"I've recommended him to Glenn Hoddle and I'm sure his time will come," said Colin Todd, the Bolton manager, who has moved Thompson from the wing into midfield. "He is beginning to blossom now. He was a bit immature and still is to a degree but he is learning all the time. He is a gifted player and one of those I would always have in my side. He has energy and endeavour, a will and desire to stay in the Premiership with Bolton Wanderers.

"He should be our top scorer [he has seven goals to Nathan Blake's 12]. He gets in position but he wants to burst the ball when there are times when you have to stroke it in. He does have great attacking ideas, he wants to get forward, but he always gets back as well."

In some ways it is a miracle Thompson is playing at all. In September 1990, when he was a 16-year-old apprentice with Newcastle United, he broke his neck in a car crash on the A1 while travelling back from a reserve match at Leeds.

"I was," he said, "in a bad way. I had two operations and was out for 22 months. I wore a neck brace for nine months - I had about six of them so I could wash them and so on. I'd just left school and it was a bit worrying.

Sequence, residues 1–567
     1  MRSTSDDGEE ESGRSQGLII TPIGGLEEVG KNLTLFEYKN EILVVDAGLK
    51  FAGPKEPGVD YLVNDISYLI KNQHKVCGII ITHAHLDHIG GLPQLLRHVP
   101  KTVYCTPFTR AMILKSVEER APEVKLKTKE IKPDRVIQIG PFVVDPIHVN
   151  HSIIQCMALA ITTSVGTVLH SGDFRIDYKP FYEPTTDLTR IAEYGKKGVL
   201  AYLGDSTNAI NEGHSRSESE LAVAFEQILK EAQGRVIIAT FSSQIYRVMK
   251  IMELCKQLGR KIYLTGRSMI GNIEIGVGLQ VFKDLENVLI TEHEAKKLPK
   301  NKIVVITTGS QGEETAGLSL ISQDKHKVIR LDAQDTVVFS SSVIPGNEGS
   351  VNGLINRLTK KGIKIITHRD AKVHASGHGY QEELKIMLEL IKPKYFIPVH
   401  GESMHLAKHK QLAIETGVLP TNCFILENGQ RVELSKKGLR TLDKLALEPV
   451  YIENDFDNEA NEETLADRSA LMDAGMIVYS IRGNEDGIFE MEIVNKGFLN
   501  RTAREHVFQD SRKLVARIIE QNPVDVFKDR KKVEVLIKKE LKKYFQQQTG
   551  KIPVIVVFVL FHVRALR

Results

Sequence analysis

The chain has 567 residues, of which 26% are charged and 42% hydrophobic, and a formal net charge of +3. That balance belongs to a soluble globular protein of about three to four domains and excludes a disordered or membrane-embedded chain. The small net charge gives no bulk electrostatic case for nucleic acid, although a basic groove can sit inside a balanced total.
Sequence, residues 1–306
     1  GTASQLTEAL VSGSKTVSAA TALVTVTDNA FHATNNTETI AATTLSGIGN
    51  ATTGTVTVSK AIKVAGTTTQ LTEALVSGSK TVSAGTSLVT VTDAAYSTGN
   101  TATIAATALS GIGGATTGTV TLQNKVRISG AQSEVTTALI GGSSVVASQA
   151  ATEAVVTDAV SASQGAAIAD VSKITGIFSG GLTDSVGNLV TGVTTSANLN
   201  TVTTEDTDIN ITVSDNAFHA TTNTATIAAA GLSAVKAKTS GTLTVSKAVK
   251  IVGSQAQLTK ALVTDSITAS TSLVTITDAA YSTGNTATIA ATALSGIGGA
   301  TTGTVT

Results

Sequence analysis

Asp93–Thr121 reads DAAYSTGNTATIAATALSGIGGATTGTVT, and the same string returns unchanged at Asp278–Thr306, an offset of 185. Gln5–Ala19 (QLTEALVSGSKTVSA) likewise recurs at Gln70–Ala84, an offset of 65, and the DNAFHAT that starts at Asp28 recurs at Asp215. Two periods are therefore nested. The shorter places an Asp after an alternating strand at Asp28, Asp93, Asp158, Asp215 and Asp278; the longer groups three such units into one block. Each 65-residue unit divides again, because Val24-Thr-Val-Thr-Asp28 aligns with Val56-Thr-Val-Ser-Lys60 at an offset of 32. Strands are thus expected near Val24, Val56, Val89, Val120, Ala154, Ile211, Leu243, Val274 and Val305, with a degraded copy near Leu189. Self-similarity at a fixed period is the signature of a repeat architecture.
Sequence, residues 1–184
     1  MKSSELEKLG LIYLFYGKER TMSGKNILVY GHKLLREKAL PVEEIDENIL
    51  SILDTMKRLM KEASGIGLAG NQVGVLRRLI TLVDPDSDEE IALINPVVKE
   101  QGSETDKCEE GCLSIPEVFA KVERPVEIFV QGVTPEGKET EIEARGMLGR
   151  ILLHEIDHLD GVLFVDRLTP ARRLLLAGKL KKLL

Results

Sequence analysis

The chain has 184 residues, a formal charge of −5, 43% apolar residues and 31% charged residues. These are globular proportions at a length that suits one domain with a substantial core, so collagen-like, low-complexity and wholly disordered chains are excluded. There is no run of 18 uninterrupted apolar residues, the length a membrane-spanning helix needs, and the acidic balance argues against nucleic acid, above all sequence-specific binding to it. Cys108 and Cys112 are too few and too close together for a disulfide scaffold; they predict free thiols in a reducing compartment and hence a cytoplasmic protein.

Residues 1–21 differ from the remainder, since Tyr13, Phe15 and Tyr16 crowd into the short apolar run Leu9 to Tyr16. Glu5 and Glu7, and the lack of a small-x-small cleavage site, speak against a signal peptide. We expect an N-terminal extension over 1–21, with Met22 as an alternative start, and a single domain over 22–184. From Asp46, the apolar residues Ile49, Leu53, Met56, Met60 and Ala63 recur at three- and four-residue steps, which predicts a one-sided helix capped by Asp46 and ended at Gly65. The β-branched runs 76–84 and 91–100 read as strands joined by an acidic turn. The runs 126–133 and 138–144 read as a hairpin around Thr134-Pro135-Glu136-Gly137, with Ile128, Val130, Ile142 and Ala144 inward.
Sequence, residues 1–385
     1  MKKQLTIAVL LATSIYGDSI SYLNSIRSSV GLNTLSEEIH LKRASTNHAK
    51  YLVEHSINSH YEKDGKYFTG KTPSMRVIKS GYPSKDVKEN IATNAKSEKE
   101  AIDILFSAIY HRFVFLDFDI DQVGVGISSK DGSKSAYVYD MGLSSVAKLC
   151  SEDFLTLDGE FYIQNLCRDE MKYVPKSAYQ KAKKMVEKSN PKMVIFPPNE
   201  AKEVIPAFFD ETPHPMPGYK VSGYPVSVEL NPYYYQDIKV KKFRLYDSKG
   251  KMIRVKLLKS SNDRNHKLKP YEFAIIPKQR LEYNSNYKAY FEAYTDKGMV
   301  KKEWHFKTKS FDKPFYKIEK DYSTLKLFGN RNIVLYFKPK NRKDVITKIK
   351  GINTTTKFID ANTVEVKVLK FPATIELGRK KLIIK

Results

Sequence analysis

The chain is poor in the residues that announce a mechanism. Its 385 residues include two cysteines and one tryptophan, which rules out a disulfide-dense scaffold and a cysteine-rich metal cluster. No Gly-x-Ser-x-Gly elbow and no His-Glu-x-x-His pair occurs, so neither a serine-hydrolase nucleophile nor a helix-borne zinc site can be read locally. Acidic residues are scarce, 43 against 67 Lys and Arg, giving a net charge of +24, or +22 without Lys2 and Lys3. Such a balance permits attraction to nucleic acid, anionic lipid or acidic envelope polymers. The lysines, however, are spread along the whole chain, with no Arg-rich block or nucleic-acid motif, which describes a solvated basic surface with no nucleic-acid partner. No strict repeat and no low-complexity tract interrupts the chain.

"My family were a great help. A couple of surgeons said that my career was over, but I always thought I would come through. Now I only think about it when journalists ask me."

Of the four in the car, Thompson, though the most grievously injured, is the only one still playing professional football. He came back to play for Newcastle alongside schoolfriend Steve Watson but, after just 16 League games, Kevin Keegan let him go to Bolton for pounds 250,000 in the summer of 1993. Though a wrench to leave - he remains a Newcastle fan and sat with the Toon Army at the FA Cup semi-final - the move gave him first-team football.

"It's been eventful. We've been to the Coca-Cola Cup final, won promotion twice and been relegated once. I'm now the second longest-serving player after Keith Branagan and I'm only 24."

How much longer Thompson will remain is a matter of conjecture. Having stayed at the club last time they were relegated, he has shown loyalty, but his career is at a stage when it can do without another spell out of the Premiership. "At the moment I just look to stay in the Premier, if that happens I'll be delighted to stay. If anything else happens we'll see at the time. I've still got two years on my contract. Ideally, I want to play in the Premier, every player does. We'll see what happens.